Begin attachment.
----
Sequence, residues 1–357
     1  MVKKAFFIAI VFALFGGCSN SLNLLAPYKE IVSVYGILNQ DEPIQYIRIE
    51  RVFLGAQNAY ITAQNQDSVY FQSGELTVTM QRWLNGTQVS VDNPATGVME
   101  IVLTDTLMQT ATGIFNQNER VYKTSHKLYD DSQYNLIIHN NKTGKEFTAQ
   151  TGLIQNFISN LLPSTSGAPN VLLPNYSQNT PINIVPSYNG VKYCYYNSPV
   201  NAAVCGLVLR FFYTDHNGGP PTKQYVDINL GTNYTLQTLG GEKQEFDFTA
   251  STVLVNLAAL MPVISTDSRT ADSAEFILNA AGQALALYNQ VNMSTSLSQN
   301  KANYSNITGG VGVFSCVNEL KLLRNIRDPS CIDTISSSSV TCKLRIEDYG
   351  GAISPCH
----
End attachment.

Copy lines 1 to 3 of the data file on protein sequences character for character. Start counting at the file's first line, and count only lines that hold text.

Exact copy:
Sequence, residues 1–357
     1  MVKKAFFIAI VFALFGGCSN SLNLLAPYKE IVSVYGILNQ DEPIQYIRIE
    51  RVFLGAQNAY ITAQNQDSVY FQSGELTVTM QRWLNGTQVS VDNPATGVME